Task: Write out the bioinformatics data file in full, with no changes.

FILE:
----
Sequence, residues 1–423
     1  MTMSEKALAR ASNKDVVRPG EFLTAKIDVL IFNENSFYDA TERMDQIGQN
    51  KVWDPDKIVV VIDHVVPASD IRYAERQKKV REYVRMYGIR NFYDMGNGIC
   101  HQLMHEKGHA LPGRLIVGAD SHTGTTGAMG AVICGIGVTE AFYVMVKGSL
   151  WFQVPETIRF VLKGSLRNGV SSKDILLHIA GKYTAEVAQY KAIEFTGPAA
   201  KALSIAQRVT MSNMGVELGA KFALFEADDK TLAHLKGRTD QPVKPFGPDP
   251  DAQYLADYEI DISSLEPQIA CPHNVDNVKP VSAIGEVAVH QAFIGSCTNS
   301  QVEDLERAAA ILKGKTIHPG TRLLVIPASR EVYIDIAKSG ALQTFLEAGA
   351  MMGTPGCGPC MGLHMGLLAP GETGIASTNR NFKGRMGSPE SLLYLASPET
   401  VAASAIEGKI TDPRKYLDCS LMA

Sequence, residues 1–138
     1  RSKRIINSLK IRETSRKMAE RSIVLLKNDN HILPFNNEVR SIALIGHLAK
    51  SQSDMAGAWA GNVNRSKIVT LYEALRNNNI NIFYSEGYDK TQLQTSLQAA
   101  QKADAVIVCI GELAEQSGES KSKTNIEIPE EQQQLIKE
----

Sequence, residues 1–423
     1  MTMSEKALAR ASNKDVVRPG EFLTAKIDVL IFNENSFYDA TERMDQIGQN
    51  KVWDPDKIVV VIDHVVPASD IRYAERQKKV REYVRMYGIR NFYDMGNGIC
   101  HQLMHEKGHA LPGRLIVGAD SHTGTTGAMG AVICGIGVTE AFYVMVKGSL
   151  WFQVPETIRF VLKGSLRNGV SSKDILLHIA GKYTAEVAQY KAIEFTGPAA
   201  KALSIAQRVT MSNMGVELGA KFALFEADDK TLAHLKGRTD QPVKPFGPDP
   251  DAQYLADYEI DISSLEPQIA CPHNVDNVKP VSAIGEVAVH QAFIGSCTNS
   301  QVEDLERAAA ILKGKTIHPG TRLLVIPASR EVYIDIAKSG ALQTFLEAGA
   351  MMGTPGCGPC MGLHMGLLAP GETGIASTNR NFKGRMGSPE SLLYLASPET
   401  VAASAIEGKI TDPRKYLDCS LMA

Sequence, residues 1–138
     1  RSKRIINSLK IRETSRKMAE RSIVLLKNDN HILPFNNEVR SIALIGHLAK
    51  SQSDMAGAWA GNVNRSKIVT LYEALRNNNI NIFYSEGYDK TQLQTSLQAA
   101  QKADAVIVCI GELAEQSGES KSKTNIEIPE EQQQLIKE